“Would you like anything, your Highness?” he asked diffidently.

“Think I got everything I wanted, thanks,” Ruda muttered without looking up.

The seneschal smiled faintly. “Good. I meant more in the way of food or drink, however. Perhaps a pillow?”

“It isn’t that late,” she said, finally lifting her eyes to frown at him. The office had two narrow windows looking out across the battlements at the harbor, which showed nothing but darkness at this hour. It was not dim, thanks to the fairy lamps.

“Very good, your Highness,” Akhatrya said, bowing. “I am, of course, at your disposal, should you have questions about anything you read.”

She was already frowning at the book again, and absently shook her head. The seneschal waited another moment before bowing again, despite the fact she was no longer looking at him, and turning to go.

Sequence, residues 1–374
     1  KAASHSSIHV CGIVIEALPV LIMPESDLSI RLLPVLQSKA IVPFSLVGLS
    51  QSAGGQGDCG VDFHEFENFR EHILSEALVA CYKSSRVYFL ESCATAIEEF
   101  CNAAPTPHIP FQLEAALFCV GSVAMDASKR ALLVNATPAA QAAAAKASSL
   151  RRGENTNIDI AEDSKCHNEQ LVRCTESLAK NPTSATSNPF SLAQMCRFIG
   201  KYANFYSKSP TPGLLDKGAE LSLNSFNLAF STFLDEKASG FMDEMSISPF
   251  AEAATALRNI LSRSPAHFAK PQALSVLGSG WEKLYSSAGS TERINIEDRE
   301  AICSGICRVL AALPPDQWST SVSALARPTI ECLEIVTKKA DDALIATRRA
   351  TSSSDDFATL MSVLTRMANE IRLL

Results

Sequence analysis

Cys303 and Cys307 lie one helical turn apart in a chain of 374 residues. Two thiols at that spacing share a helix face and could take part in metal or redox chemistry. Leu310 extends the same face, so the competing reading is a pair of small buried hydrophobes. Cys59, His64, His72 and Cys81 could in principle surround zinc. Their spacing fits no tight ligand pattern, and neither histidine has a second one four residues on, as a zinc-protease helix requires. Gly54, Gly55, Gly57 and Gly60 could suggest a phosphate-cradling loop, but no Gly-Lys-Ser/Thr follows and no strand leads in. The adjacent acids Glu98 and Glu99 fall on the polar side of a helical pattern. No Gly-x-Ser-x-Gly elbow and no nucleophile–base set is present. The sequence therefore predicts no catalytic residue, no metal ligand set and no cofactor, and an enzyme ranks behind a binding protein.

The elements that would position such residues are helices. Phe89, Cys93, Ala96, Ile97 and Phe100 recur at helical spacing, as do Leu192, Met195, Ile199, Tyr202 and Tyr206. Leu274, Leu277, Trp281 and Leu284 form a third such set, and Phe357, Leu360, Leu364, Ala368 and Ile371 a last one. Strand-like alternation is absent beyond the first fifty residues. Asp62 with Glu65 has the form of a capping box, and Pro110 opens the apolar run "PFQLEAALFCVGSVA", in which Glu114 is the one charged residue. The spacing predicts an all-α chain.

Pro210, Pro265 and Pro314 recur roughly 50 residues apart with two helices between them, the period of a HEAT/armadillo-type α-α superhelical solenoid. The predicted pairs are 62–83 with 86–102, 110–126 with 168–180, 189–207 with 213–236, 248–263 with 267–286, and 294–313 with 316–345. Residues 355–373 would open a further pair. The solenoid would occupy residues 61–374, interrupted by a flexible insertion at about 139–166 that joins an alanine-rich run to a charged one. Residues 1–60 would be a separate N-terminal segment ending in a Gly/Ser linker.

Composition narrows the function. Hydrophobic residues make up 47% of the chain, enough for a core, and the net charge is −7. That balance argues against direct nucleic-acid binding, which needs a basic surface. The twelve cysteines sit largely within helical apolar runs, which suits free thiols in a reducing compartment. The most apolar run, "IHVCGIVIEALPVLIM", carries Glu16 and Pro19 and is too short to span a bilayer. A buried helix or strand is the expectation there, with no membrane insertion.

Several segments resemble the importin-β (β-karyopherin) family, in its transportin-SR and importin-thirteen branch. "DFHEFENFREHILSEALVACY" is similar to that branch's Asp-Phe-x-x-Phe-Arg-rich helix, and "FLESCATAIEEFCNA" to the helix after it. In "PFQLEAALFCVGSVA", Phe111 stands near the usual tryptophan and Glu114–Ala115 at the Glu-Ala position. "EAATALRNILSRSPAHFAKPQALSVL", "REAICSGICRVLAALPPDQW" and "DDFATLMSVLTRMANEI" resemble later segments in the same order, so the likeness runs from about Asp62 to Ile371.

“Hey, Akhatrya, wait a second.”

“Your Highness?” He turned back to face her, folding his hands in front of himself.

Ruda almost grudgingly tore her gaze away from the columns of figures she was studying. “Let me pose you a hypothetical.”

“I am at your service.”

“Suppose you worked for a King or Queen who wanted to change the standard of measurements we use from the common system to the dwarven system. How would you advise them to go about implementing that?”

He hesitated for a moment, thinking. “Well… In honesty, Princess, my first recommendation would be not to.”

She drummed her fingers once on another book, staring at him. When she said nothing further, he continued.